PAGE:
Girls and gangs
A new government strategy to tackle gangs will call on social landlords to help prevent violence in their areas. Rhiannon Bury travels to Manchester to find out how one housing association is leading the way with a female mentoring scheme
The first thing that’s noticeable is the noise. The excited, bubbling chatter announces the rapid approach of the people I am speaking to today. They are late, and when they burst through the door they are full of apologies and regretful looks. It’s an onslaught of colour and sound, brusque Manchester staccato and waving hands.
The young women plunge into their chairs, smiling and suddenly shy. They are City South Manchester Housing Trust’s crack team tackling gang culture among girls in Moss Side. They know what they’re talking about because most of them have witnessed gangs first-hand.
The stories the women tell of guns hidden in attics and friends carrying drugs into nightclubs might carry a frisson of excitement in print, but the reality is far from glamorous.
They have all seen their fair share of problems, scrapes and in some cases, prison sentences. But until recently there has been little support for girls caught up in or affected by gang culture in the area.
‘When you think of gangs you think of boys, so there are services for boys. But behind these gangs there’s always that girl who’s doing the running around for them,’ Kyra Laird, 19, explains.
‘They’re in the background and they’re doing all the dirty work,’ chips in Sharina Brown, 23. ‘It’s them that allow the boys to go out banging, they keep the drugs or the firearms, or they provide a house where they can all congregate. It’s always a girl that’s in the background, so in a sense these gangs wouldn’t run as strongly as they did without having these females.’
There’s a lot of sage nodding around the table. ‘The problems are more widespread than we think,’ Nasreen Harris, 31, adds.
In November home secretary Theresa May announced a range of measures to tackle gang crime, saying she expected organisations other than the police - including social landlords - to take more responsibility. So why did City South decide to pioneer work dealing specifically with females involved with or affected by gangs? And why are these young women so keen to help?
The scheme was set up in 2011, costs £30,000 to run and is simple: 12 young women are given mentoring training and then matched with girls the housing association itself has either identified as vulnerable or who have been brought to its attention by social services or the police. In return, the mentors are allocated an ‘aspirational mentor’ - a local businesswoman or a woman who holds a senior post in an organisation - who they can look up to for guidance and career advice. Some of the aspirational mentors share similar backgrounds to their mentees.
Speaking from experience
Cassie Scott, 27, is one of the 12 young mentors. She speaks with a calm, articulate authority about the abuse she suffered at the hands of an older boyfriend, her involvement with members of gangs, and her troublesome behaviour, which ultimately led to three-and-a-half years in prison.
For her, being involved in the programme is an opportunity to tell people what she’s been through and warn them against getting caught up in potentially dangerous situations. ‘I put myself in care at 14 because I had an abusive dad, and I had psychiatrists try and talk to me. I didn’t want to talk to them because I didn’t think they had a clue what they were talking about,’ she says, matter-of-factly.
Cassie, however, knows what she’s talking about from experience and this is why she believes this scheme will help younger girls.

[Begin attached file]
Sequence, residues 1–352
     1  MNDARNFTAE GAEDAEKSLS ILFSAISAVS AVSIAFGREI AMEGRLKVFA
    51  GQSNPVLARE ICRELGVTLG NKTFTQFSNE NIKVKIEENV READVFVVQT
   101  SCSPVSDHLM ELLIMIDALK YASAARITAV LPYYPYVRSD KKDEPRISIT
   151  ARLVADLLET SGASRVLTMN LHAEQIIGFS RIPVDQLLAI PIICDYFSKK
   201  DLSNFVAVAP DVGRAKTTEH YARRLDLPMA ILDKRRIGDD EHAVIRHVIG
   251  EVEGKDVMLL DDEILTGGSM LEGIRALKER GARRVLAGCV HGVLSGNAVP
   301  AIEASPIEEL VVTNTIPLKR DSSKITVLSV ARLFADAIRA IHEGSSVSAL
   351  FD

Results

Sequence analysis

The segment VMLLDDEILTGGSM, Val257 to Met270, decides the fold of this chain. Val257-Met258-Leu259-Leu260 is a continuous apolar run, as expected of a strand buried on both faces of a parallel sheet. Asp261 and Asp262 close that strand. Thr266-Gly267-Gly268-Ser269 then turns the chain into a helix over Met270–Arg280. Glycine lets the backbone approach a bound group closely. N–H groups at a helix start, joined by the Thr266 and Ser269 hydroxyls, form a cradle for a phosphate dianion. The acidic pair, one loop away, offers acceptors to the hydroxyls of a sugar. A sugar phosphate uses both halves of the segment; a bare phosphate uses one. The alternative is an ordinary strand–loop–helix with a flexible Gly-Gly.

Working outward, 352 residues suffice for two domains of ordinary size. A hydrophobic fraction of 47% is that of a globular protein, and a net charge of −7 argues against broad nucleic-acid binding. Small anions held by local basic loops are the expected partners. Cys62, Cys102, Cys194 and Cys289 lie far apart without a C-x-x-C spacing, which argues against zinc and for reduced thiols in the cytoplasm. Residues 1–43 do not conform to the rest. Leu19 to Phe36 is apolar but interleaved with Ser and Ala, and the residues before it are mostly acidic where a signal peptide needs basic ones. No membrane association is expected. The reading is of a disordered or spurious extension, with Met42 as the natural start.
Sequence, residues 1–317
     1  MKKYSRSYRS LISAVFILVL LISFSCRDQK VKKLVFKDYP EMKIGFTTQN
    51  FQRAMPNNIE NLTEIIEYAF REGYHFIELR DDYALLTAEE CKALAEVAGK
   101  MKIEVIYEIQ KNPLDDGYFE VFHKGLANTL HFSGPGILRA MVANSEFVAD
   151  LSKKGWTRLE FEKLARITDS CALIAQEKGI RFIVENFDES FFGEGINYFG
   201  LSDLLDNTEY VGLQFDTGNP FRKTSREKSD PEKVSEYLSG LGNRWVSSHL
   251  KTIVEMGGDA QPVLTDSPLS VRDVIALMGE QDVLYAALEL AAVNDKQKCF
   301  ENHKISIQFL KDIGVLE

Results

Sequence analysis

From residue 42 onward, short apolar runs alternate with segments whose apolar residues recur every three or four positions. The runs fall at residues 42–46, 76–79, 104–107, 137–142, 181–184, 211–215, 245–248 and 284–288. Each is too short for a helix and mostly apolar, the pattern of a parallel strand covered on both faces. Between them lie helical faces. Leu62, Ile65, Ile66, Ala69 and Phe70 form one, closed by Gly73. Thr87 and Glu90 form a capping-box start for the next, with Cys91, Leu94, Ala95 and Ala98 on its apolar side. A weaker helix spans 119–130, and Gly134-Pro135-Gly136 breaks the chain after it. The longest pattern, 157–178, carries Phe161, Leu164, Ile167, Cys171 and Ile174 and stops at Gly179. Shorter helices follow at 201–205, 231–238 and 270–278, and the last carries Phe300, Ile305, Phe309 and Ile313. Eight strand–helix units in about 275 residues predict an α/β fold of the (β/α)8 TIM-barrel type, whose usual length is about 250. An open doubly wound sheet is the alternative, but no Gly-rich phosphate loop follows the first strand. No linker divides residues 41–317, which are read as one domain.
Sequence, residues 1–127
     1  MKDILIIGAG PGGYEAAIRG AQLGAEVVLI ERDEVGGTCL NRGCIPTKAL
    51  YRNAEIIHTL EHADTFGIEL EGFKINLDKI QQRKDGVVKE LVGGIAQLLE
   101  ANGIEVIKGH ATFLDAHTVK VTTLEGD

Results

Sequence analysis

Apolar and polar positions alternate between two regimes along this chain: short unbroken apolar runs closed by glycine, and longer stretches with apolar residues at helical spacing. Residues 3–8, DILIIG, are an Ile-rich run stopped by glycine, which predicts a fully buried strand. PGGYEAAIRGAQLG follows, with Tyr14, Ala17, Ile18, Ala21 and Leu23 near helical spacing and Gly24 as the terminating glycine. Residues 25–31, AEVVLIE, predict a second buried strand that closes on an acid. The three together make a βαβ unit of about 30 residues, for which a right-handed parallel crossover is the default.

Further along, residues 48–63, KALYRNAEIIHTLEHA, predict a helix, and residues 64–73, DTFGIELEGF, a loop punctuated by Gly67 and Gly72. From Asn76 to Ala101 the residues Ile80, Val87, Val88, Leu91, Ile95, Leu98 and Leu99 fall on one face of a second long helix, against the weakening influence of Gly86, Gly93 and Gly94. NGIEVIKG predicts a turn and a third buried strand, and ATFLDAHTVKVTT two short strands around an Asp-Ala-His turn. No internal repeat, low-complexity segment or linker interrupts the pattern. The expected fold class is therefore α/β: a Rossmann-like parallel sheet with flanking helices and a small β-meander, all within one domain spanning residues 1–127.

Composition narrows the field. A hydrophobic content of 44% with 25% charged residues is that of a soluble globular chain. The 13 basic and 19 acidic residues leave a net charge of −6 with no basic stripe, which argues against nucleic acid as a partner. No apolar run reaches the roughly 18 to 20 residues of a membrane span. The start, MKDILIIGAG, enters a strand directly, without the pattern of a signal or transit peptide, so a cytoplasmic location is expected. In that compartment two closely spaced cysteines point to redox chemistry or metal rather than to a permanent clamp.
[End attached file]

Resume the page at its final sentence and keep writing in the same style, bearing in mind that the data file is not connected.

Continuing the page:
‘If you’ve got that connection with them - if you’ve had the feelings that they’re feeling - you can just connect to them more, and you can be more understanding,’ she says.
Sharina agrees: ‘If you’re talking to people who know where you’re coming from, I think you find it a lot easier to open up. We provide role models - it’s like a professional friendship, and as long as we stay professional they can come and talk to us about stuff.’
All the girls have received mentoring training from Manchester Active Voices, and their pride in their new skill is evident. But lurking underneath is the frustration at the lack of resources or facilities for young women which might help them make the most of their lives.
There’s a lot of talk about consequences - the mentors seem keen to instil in their charges the idea that actions have repercussions. ‘A lot of young people don’t know when to stop - they’re not aware of the consequences of actions and what it could lead to,’ sums up Cassie.
‘It’s wasn’t that I was really doing bad stuff myself, but I was involved and around certain things that I shouldn’t be doing,’ says Sharina. ‘My friends would do drug runs and I’d be sat in the car - I wasn’t directly involved but it was a stupid thing to do. And you go to certain places with certain members and as a kid you don’t realise exactly what you’re into.
‘You see all these things that go on. You see people punch your friends and then there’s nothing you can do about it because, if you do, it will escalate. Some girls just carry on because they don’t see the danger. These boys will just hit you and not care.’
At the hands of abuse
The four women talk openly about their own experiences at the hands of men who didn’t have their best interests at heart - it’s these experiences they hope they will be able to share with younger girls. ‘I got with the wrong guy, my first ever boyfriend, thought he was the love of my life, and the guy totally messed my life up,’ says Cassie, flatly.
‘I don’t dwell on it now, it made me stronger, but these things can go one way or the other. I didn’t have anyone telling me [that he was involved in gangs] and when he started hitting me I didn’t tell anyone. I only left him because I found out he was cheating on me, three-and-a-half years down the line.
‘I used to hang out a lot with gangs in Longsight [an inner-city area of Manchester]. I was seeing another guy for a few months but he ended up dying. He was murdered by another gang member.’